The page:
This is pretty cool for a bunch of us that watched the ACR & FN SCAR go head to head fighting it out for which rifle would be the modular champion that replaced the M4A1, since both had 5.56 and 7.62×51 versions to compare between. Although neither rifle platform ended up unseating the King that is the Stoner Rifle, a lot of us were clamoring to get both the Masada AND Massoud back in the day; both were developed by Magpul, and Magpul had thought of everything to include with them in terms of feature and function.
Although the ACR experienced something of a renaissance and a cult-like following, the Massoud was deprived of this as we were deprived of the Massoud. Although there are some obvious architectural differences between the .308 JAKL and the Massoud, this is the closest we’ve ever gotten to owning one. For that reason, I might just consider getting one as a range toy. I went over to play with it and I wasn’t unimpressed to say the least. It felt pretty solid, if a little hefty. But it is a battle rifle at the end of the day.
6.) Harrington & Richardson: Retro on tap
Harrington & Richardson has made something of a splash recently as the company that’s focused and dedicated to producing myriad retro style reproductions. If you remember the short lived Retro Series that Brownells abandoned (that was stupid), you pretty much get where H&R is going. Only difference is they’ve just expanded on the offerings and in some pretty cool ways.
Among the eye catchers at their booth this year were the JSOC pre-GWOT tube handguard upper equipped rifle, a Colt M16A2 LMG style HBAR rifle, and a DOE 9mm style PCC. But what caught my eye? The complete Blood Diamond carbine configuration. I actually asked H&R CEO Mike Wetteland if this was intentional, and he nodded in the affirmative.
That made me smile; my Blood Diamond carbine drew a lot of attention years ago when it was the first noteworthy and successful attempt to clone that rifle that was actually worth looking at before everyone else started doing them, but it was a pain in the ass to actually do and get all the pieces together. I’m happy that people won’t have to jump through hoops to do it, they can just buy one of the H&R guns (this one was in a pistol configuration), then all they gotta do is stamp it, stock it, and paint it. Good luck with the light mount and Aimpoint mount though, those two are still the hardest parts to source.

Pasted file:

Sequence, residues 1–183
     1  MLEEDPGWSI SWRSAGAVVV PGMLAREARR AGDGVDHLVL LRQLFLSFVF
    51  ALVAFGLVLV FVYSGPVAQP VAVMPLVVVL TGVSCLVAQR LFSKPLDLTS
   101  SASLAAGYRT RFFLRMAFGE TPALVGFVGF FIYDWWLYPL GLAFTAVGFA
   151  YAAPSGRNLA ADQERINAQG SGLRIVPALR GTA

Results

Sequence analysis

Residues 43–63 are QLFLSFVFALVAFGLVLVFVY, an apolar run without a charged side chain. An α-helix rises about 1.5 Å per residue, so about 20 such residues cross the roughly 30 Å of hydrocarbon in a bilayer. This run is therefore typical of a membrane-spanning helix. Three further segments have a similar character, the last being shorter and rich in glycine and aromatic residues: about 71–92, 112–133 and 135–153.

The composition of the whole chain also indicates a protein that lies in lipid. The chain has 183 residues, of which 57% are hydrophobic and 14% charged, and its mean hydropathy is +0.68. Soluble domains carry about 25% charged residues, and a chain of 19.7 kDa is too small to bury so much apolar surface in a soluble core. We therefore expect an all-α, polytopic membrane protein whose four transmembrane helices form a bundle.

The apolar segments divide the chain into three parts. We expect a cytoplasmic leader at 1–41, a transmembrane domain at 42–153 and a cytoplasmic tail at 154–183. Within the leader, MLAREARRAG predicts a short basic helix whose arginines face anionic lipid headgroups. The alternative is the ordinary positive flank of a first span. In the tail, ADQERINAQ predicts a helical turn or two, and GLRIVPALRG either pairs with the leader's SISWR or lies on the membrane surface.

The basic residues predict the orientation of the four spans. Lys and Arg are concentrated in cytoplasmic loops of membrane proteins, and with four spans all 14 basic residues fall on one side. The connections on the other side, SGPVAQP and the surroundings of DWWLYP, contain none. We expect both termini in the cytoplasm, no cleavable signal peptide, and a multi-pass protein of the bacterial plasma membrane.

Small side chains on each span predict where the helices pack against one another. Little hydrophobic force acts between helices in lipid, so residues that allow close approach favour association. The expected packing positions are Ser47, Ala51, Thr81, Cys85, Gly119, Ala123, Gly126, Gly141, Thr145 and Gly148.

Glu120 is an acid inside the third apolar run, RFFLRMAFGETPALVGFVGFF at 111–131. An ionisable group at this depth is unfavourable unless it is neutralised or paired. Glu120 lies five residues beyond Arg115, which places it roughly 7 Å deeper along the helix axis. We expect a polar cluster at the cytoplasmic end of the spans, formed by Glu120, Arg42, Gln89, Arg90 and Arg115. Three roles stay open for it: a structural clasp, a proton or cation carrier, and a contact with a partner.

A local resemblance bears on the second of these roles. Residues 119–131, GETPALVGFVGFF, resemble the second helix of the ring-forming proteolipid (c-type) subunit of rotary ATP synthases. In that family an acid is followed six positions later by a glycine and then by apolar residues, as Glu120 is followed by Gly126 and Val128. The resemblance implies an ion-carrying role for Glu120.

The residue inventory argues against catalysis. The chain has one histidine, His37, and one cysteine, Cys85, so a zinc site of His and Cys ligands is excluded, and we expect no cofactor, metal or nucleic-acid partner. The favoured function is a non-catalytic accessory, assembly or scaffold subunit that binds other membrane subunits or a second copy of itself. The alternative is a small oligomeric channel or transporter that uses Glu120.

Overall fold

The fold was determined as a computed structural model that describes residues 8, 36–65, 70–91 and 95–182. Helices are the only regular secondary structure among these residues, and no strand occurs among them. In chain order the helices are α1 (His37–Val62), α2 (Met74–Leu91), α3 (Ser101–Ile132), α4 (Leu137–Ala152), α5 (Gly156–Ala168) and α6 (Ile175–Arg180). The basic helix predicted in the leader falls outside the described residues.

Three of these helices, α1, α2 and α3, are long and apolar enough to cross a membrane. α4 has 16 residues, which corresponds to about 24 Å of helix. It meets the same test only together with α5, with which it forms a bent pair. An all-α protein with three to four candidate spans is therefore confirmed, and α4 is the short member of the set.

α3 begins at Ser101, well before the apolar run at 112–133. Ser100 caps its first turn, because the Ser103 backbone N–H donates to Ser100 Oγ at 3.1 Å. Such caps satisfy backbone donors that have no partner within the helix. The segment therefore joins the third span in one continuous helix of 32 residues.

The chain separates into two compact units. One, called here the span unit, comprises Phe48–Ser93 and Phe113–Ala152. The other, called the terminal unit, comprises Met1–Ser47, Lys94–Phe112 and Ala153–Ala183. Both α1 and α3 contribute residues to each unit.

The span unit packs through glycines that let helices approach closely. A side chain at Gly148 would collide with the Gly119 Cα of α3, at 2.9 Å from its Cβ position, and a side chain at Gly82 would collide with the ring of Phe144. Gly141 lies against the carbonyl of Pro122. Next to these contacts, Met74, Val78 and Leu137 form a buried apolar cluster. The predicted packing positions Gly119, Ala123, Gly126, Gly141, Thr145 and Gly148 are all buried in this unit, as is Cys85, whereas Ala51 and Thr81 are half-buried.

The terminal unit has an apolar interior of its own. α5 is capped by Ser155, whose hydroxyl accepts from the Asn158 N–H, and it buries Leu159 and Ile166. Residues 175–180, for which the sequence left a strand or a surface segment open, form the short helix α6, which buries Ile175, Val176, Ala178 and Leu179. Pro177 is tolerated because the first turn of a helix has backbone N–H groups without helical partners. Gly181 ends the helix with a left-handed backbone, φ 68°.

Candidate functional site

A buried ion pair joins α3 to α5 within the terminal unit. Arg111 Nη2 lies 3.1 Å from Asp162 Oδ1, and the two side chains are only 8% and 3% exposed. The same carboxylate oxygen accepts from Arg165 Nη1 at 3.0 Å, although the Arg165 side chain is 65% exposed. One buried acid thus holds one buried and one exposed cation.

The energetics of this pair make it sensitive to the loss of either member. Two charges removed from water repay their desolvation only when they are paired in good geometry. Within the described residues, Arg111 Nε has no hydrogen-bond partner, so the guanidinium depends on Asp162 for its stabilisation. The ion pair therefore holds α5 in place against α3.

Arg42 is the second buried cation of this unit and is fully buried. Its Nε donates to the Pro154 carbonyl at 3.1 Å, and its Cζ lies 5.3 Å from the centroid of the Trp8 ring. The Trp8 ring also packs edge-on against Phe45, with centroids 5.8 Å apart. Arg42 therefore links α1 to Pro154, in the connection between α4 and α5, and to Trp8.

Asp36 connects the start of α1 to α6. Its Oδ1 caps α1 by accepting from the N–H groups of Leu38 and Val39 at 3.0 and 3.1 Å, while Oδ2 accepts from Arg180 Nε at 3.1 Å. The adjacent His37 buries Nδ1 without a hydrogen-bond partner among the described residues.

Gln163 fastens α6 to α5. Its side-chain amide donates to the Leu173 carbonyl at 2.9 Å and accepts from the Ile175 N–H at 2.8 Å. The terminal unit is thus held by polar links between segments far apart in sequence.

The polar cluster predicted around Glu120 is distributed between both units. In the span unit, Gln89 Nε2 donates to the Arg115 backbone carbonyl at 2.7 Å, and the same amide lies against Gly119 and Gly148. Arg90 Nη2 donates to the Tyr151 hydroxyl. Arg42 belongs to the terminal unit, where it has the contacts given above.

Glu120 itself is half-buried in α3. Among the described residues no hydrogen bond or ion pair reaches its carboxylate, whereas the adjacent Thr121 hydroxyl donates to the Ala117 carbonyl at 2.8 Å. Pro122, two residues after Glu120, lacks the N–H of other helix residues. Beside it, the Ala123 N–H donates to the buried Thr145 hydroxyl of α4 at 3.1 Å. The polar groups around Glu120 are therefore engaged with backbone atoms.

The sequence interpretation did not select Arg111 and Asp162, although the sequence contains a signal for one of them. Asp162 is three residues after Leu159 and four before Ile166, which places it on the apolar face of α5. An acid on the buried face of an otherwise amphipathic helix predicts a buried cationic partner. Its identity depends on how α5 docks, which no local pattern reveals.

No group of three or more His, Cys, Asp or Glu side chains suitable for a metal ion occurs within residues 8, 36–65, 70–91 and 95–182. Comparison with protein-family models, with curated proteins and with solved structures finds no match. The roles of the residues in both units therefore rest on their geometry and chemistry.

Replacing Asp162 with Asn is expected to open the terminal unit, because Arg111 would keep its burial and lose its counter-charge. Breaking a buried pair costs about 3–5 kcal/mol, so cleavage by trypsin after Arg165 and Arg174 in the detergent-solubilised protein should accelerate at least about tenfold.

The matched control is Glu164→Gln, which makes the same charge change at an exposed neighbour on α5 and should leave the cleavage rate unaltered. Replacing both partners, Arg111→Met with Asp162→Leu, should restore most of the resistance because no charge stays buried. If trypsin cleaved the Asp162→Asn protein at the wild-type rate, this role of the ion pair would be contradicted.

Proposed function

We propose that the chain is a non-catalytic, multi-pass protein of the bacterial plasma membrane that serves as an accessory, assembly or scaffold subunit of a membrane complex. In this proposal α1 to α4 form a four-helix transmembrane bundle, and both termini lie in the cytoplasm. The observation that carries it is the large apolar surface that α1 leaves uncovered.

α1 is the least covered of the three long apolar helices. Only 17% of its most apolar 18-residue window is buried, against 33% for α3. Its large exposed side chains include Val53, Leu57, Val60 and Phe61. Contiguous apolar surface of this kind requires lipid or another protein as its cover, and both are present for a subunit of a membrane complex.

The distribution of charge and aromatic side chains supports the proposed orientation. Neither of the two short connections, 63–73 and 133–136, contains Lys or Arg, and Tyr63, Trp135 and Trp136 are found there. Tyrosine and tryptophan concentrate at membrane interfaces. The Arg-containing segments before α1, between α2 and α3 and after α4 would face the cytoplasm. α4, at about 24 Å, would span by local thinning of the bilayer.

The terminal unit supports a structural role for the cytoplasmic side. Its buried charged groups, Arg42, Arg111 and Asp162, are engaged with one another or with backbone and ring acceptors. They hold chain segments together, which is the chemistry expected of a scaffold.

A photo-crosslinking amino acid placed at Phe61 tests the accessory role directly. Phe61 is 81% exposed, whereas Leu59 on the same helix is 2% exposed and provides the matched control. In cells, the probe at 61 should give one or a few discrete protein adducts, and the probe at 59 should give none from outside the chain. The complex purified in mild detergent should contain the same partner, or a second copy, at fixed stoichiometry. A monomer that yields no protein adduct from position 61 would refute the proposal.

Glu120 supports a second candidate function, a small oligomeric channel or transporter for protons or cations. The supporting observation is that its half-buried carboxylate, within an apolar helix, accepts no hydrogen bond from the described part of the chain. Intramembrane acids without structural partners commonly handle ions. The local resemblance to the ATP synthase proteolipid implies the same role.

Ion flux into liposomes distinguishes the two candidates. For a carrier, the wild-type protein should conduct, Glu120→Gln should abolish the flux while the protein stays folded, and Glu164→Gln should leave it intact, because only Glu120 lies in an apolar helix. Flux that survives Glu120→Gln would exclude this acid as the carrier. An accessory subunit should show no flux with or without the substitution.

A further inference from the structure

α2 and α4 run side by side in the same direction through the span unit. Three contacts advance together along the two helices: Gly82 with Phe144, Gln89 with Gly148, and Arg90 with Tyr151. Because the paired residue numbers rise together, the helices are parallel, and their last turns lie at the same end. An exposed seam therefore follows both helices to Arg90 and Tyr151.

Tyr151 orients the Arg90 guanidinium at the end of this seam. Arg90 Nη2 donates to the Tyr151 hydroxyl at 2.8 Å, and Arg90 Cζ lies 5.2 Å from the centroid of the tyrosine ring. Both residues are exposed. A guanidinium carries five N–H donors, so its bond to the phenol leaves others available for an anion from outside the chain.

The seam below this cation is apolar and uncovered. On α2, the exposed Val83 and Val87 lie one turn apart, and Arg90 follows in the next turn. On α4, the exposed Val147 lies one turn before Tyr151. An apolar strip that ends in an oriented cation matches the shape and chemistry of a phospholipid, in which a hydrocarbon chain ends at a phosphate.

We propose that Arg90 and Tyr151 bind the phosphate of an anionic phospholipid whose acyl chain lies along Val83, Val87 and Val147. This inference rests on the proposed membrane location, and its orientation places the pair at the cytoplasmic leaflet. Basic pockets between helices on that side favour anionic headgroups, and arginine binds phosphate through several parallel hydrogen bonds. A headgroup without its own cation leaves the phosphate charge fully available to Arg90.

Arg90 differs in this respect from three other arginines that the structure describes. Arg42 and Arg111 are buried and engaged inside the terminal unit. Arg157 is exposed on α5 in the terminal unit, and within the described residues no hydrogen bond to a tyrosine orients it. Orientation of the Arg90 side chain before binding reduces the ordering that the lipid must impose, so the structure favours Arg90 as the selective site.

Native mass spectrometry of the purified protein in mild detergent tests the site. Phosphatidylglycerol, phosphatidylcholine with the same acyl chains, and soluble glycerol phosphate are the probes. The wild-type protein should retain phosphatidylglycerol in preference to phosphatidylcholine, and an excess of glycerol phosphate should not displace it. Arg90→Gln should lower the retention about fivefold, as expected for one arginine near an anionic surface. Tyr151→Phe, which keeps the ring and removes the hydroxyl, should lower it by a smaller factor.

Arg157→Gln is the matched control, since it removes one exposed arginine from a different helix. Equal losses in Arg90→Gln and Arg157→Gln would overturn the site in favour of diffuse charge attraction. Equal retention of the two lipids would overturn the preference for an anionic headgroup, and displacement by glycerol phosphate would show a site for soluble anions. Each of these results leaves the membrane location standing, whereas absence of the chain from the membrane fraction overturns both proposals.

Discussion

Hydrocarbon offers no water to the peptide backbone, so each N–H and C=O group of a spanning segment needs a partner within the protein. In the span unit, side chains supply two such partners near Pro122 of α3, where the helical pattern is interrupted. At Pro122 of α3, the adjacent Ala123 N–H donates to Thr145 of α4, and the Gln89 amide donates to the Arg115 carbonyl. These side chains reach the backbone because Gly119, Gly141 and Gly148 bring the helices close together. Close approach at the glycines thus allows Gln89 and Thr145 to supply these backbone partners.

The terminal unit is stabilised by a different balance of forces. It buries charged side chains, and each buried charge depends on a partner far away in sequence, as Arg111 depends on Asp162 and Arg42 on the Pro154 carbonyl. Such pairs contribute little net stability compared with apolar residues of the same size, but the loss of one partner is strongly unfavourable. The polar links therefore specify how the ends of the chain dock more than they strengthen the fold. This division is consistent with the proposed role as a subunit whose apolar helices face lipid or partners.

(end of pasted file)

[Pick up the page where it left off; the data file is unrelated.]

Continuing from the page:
7.) 5.11: Dressed to the 9s
5.11 premiered a whole new clothing line that will put them on the same level as Crye, Arc’teryx, Beyond, and other bougie combat apparel designers. This isn’t merely the “We have it at home” version, this is legit: The materials selection, fabric cuts, and aesthetics are all there. A SWAT friend of mine enthusiastically told me to go check out the V.XI (5.11, get it?) like and I’m glad that I did. They didn’t have any pricing info though, so the jury’s still out on that.
8.) Javi!: More than meets the eye
Javier Mendez wanted to show me this fanny pack he made and when he showed me what it was designed for and how it worked, I was impressed. And I’m not a fanny pack guy. And you don’t have to be either. This thing’s really cool, but I can’t talk about why just yet. You’ll have to stay tuned. And if you’re one of the other people I saw him showing it to, do the homie a favor; shut the fuck up and don’t tell anybody because you wanna be “the guy in the know.”
That’s all I saw that I found compelling as far as products go. I did manage to see some old friends and smile a few times along the way. Not a bad week overall.
Stay in this L.A.N.E.